Saturday, 4 June 2011

Mango Macarons

Mango Macarons 1

Yes, still on macarons.. seems that I would never get rid of the bugs. This time... flavored with mango. I see that mango will be in season soon; well, it's already started. Since it's a native plant, we can find so many varieties... with name or without name. The one without name, of course the least desired... sour and fibrous. Only a few people like them, including me. Well, basically I like mangos whatever the taste... sour, sweet, juicy, or fibrous... doesn't really matter to me. My husband has his own names for different mangos he can find in the market... common mango (Harum Manis; easy to find everywhere), starchy mango (Indramayu) , fragrant fibrous mango (Kweni), aromatic mango (Gedong Gincu), yellow mango (Manalagi), sour mango (Semar), and so on and so on, which sometimes confuse me... and confuse himself! for there are too many varieties. Yes, as a foreigner in this country, all those local names are too difficult for him to remember; he named them based on their characteristics. Sometimes, in fruit stores, we can find imported mangos from Thailand or from Australia. But of course we like our mangos better, the local varieties have richer flavor than those imported one, and much cheaper too. I often wonder what kind of people buy those imported mangos...

In the office, Atiah brought some green mangos almost every week. She has one mango tree in her front yard... a Gadung mango tree... what a blessing.

Mango Macarons 3

My favorite mangoes are Gedong Gincu, Harum Manis, and green mango (unripe mango) from whatever variety. I also love Kesturi mango from Kalimantan. I used to eat Kesturi mango in my childhood when we lived in South Kalimantan. That was in 1970's. Kesturi mango is endemic plant in that province. In every mango season, my Mom and Dad went to villages in South Kalimantan looking for this particular kind of mango, and would buy them directly from the tree. It's so aromatic and sweet, small size around 7cm long and 5cm thick, and so fibrous. The skin is dark purplish green, covers the dark orange fibrous flesh. Since it's so fibrous, not many buy and plant Kesturi, and it becomes more and more difficult to find. In 1980's the local government tried to promote this endemic plant, but not much has been achieved until now. Kesturi is still hard to find. Gedong Gincu is aromatic but not as aromatic as Kesturi, and less fibrous.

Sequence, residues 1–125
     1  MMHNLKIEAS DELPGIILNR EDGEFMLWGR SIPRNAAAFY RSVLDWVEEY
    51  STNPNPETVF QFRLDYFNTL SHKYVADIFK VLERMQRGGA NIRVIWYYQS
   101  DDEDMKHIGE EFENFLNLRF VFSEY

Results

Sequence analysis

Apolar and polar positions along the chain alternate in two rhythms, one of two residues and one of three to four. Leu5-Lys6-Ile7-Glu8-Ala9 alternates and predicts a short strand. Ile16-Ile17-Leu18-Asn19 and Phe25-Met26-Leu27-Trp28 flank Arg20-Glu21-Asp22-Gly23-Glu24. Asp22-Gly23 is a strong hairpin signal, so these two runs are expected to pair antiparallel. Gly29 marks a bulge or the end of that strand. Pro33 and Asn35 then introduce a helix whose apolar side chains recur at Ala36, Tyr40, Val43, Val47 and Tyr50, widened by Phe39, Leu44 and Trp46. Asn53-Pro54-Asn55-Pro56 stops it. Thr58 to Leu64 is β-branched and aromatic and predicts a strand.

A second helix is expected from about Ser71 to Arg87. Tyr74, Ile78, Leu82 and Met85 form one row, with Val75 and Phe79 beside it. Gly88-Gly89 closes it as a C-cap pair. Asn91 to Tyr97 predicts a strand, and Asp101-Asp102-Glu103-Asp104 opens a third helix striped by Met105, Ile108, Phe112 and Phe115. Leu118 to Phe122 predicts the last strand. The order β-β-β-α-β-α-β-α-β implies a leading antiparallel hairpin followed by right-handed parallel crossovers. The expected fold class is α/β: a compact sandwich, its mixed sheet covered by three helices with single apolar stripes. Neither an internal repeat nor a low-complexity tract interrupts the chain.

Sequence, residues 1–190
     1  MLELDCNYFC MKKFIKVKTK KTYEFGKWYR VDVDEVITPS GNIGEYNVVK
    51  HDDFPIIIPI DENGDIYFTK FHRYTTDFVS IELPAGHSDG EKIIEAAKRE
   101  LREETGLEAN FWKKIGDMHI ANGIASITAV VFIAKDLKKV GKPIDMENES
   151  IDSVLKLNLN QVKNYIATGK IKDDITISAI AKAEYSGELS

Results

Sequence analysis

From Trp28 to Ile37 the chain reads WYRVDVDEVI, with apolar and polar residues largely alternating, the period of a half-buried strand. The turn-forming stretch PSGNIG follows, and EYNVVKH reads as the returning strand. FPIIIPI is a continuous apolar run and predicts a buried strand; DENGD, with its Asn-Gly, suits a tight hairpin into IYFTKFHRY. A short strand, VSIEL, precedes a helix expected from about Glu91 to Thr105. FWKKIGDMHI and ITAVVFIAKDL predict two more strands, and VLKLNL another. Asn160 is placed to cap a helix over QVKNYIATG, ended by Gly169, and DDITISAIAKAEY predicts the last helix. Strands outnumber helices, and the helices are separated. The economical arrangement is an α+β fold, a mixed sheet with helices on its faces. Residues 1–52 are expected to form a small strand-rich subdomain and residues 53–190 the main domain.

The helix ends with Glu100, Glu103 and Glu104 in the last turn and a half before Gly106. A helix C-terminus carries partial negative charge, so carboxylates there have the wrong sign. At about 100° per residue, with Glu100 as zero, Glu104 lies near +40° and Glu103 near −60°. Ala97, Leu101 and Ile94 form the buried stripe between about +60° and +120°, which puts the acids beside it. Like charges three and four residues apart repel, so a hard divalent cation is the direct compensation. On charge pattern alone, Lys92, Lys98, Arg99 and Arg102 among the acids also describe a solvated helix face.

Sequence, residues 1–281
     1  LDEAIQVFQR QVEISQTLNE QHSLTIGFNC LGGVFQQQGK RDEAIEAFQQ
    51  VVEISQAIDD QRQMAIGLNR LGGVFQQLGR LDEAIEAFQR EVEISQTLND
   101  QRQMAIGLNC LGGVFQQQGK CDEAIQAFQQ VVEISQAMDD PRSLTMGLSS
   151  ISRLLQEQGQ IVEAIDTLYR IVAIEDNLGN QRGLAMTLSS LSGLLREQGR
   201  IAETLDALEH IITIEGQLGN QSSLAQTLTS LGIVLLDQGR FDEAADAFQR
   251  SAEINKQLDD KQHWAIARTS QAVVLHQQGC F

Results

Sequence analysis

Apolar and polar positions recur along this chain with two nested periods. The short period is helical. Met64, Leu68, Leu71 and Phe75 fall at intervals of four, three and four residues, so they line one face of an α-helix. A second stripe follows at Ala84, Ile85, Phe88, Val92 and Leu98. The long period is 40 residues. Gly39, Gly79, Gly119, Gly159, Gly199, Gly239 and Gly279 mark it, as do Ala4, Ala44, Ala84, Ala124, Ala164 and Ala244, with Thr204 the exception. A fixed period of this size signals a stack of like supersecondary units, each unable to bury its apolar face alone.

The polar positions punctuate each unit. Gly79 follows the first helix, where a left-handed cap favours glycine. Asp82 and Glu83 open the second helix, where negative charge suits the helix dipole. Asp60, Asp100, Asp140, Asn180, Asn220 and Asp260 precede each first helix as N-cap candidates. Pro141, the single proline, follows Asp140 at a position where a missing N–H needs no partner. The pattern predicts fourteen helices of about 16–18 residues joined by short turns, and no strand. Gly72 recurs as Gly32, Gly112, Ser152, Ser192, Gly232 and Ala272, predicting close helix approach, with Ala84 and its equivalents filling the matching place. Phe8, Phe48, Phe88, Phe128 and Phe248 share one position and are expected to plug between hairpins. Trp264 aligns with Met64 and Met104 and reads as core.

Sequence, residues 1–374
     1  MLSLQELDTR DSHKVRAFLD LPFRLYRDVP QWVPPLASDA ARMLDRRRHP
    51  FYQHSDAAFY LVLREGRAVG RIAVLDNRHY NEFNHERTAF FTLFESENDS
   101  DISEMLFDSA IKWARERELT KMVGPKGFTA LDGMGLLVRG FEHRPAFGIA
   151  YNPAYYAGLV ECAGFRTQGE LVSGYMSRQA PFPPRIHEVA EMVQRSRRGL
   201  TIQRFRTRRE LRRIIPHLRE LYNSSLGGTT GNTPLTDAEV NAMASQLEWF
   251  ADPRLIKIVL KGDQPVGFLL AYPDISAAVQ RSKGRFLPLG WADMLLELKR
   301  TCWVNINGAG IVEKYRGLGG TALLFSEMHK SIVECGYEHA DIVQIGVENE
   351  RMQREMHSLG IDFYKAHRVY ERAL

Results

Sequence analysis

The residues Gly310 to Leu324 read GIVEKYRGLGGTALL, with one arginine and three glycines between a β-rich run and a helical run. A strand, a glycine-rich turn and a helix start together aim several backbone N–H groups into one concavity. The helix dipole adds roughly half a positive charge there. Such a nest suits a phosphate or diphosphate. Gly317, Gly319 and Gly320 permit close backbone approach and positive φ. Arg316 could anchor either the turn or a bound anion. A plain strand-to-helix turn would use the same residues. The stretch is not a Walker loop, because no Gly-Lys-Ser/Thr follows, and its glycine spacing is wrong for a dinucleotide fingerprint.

Mango Macarons 4

To flavor macarons, I need the most aromatic mango I can find, which is Gedong Gincu. Last week I oven-dried some Gedong Gincu mango (see my post on oven-dried fruits), which the flavor I love so much. It was so intense! I process some in my food processor,  trying to make powdered mango. But I couldn't make it fine, so it looked more like mango bits. Maybe I didn't dry it enough. Never mind. I mixed 25 grams of it in the almond-powdered sugar mixture, and resulted in macawrongs... 
This is the pictures... they look perfect, but... I trick you! they have big air pockets!!

mango macawrongs